The ubiquitous restaurant
By Ruth Nerhaugen, contributor
Red Wing is one of four stops on the Minnesota Chinese Restaurant Tour of “Fresh Off the Boat,” a play about Chinese immigration to the United States and the small towns where the immigrants found success operating Chinese restaurants.
Presented by Mu Performing Arts, the production has two parts: a “Tea Time” at 3 p.m. June 14 at the Goodhue County History Center, 1166 Oak St., and the play itself at 2 p.m. June 21 and 22 at the Golden China Restaurant, 3038 N. Service Drive.
People of all ages are invited to either or both events.
The first event, which is free and open to everyone, will be an interactive lecture involving members of the family that established Golden China. Linda Cheung said she was asked about her experiences coming to Red Wing. She and her husband, George Lam, will be present.
Eliza Rasheed, a Twin Cities educator, will lead the “Tea Time” presentation, according to Mu Performing Arts spokesman Eric Sharp, who also appears in the play. The focus will be on the history of Chinese immigration to the United States and specifically to Minnesota.
Goodhue County Historical Society Director Dustin Heckman said one of the reasons the society chose to partner with Mu on the project is because “This is a great way to show a different perspective on history.” He sees it as an opportunity to learn how these immigrants struggled, overcame challenges and adapted in order to be successful here.
The Sheldon Theatre is presenting the two performances of “Fresh Off the Boat” at Golden China. Tickets to that event are $5, but they include a Chinese buffet meal. Seating is limited, so reservations are required.
Mu artistic director Randy Reyes directs “Fresh Off the Boat,” an Obie Award-winning play by David Henry Hwang, whose credits also include Broadway’s “Chinglish” and “M. Butterfly.”
The play explores the relationships and conflicts between two young people who are American-born Chinese and a newcomer who is “fresh off the boat,” Sharp said. He appears in the play as Steve, an exchange student.
Two other Twin Cities actors, Meghan Kreidler and Michael Sung-Ho, appear as Grace and Dale. She is first generation and holds the customs of China in higher regard than her cousin Dale, who is second generation and fully American.
Steve’s arrival forces them to confront conflicting feelings about America, China and themselves; the play explores both conflicts and similarities between the Chinese-Americans and the newcomer.
Hwang set the play in a Chinese restaurant during the 1980s. The logistics of performing there are interesting, Sharp noted, because there is no stage, and the actors interact with diners who are eating their meals.
During the show, which lasts about an hour, the “audience” also will learn more about the Chinese immigration story from the Gold Rush days to the present.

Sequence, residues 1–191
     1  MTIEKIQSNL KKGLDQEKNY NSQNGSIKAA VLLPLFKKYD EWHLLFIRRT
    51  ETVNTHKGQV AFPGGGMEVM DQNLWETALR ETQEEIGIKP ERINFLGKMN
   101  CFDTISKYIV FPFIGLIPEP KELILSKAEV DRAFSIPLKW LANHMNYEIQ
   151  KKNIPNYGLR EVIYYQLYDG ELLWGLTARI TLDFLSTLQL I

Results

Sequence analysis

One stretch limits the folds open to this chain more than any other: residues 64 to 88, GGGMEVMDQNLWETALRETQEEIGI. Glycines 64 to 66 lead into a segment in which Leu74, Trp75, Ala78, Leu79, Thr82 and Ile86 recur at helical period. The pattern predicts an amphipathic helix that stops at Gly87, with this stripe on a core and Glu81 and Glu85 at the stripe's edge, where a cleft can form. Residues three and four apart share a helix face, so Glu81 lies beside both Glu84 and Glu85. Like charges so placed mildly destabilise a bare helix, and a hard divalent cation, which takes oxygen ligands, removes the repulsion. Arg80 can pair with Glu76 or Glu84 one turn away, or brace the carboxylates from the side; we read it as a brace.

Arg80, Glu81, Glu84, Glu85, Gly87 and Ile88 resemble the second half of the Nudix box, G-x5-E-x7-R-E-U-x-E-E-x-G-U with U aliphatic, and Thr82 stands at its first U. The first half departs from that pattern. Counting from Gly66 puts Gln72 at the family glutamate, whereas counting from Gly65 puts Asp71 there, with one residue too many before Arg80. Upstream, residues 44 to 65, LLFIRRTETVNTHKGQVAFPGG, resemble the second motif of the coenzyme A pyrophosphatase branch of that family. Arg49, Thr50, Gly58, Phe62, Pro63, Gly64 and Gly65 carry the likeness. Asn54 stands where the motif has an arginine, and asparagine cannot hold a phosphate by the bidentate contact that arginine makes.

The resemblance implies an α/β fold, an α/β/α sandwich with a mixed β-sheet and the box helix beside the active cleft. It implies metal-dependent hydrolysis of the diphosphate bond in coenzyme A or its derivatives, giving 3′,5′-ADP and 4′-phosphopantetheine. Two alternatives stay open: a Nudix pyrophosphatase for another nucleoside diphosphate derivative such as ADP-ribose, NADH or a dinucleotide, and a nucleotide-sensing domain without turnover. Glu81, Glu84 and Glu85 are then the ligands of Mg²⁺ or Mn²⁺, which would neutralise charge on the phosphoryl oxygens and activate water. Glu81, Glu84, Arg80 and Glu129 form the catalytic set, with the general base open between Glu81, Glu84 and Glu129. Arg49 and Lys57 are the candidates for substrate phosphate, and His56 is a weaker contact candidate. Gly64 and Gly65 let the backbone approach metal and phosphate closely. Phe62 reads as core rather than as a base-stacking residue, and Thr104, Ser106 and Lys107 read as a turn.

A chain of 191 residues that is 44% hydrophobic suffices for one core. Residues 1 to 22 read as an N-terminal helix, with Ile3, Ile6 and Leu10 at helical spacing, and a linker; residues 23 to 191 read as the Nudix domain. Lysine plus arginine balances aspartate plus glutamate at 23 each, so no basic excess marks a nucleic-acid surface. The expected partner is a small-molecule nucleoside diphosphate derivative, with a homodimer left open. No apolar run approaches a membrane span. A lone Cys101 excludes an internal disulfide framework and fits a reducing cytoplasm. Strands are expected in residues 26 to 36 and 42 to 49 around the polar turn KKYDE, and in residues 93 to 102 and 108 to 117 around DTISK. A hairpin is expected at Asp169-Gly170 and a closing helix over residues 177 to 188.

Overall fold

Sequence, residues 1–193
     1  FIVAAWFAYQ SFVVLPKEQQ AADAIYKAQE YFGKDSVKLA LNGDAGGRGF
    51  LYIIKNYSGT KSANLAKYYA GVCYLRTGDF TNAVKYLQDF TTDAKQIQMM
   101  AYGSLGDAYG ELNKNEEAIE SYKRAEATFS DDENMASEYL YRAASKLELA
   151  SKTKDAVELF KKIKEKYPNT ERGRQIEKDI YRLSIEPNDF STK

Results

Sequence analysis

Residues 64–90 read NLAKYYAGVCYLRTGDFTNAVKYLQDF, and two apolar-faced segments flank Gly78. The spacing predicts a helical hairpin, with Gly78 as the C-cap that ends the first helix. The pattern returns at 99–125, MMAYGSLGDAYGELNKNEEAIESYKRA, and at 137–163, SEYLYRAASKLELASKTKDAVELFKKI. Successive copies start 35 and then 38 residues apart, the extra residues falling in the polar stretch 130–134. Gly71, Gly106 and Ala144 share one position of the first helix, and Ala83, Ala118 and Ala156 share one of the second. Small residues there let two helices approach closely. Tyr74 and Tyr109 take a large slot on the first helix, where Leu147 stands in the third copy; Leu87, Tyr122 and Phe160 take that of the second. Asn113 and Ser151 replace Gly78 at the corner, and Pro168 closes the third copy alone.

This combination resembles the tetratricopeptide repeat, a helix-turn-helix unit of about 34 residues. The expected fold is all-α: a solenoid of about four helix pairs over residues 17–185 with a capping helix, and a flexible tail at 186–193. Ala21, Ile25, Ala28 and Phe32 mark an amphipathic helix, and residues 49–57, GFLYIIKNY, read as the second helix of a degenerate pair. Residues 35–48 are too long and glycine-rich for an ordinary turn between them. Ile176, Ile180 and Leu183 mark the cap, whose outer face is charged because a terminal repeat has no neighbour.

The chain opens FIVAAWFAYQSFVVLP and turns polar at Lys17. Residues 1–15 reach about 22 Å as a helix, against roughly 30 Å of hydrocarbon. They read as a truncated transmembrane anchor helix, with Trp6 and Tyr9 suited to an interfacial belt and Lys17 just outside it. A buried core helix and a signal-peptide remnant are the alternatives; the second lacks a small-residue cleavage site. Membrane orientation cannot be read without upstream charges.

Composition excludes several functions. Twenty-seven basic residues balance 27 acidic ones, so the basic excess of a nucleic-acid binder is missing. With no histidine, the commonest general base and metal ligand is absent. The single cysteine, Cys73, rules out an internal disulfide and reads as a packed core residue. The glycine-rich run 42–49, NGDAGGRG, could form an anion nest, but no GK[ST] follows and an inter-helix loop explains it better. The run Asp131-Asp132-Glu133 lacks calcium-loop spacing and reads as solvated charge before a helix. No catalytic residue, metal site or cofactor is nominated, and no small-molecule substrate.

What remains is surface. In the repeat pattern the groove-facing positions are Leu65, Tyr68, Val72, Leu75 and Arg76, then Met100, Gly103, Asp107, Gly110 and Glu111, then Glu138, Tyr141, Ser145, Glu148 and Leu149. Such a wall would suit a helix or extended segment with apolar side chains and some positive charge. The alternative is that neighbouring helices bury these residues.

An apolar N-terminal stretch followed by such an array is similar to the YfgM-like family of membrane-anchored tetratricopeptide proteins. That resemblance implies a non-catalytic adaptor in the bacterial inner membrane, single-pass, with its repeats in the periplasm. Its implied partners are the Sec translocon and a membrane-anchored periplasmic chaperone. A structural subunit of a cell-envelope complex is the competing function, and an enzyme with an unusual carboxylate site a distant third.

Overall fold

“Fresh Off the Boat” is being performed this weekend in a Chinese restaurant in New York Mills, then in North Mankato, Red Wing and Rochester restaurants. The tour is funded by the Minnesota State Arts Board.
Purpose of the project, according to Reyes, is to share the stories and raise the awareness of the Chinese immigrants who thrive in communities across the state.
“If you travel to small towns across Minnesota,” the director pointed out, “you will notice a peculiarity about their restaurant offerings, something that you wouldn’t necessarily expect.
“In these small towns with very little cultural diversity, if any, there is always a Chinese restaurant. This brought up questions for me about who owns these restaurants, how did they end up in the middle of Minnesota, and how many people living in these towns and eating in these restaurants actually know their stories?”
The opportunity to take Hwang’s play on tour became an opportunity to find out.
Hwang liked the idea of the tour. “Like many Chinese of my generation, I had relatives in the restaurant business,” he said, “and this play was written in part as a tribute to their spirit.
“Performing it now in those restaurants themselves brings the journey of this play back full circle. I hope everyone enjoys the show; I know they will enjoy the food.”
No reservations are required for “Tea Time” at the history center. Tickets to the Golden China performance are available at the Sheldon.
If you go …
Who: Mu Performing Arts
What: Chinese Restaurant Tour of “Fresh Off the Boat”
Tea Time: 3-4 p.m. June 14, Goodhue County History Center, 1166 Oak St.; free
Play: 2 p.m. June 21 and 22 at Golden China Restaurant, 3038 N. Service Drive; $5 including buffet
Reservations: Sheldon Theatre, 651-388-8700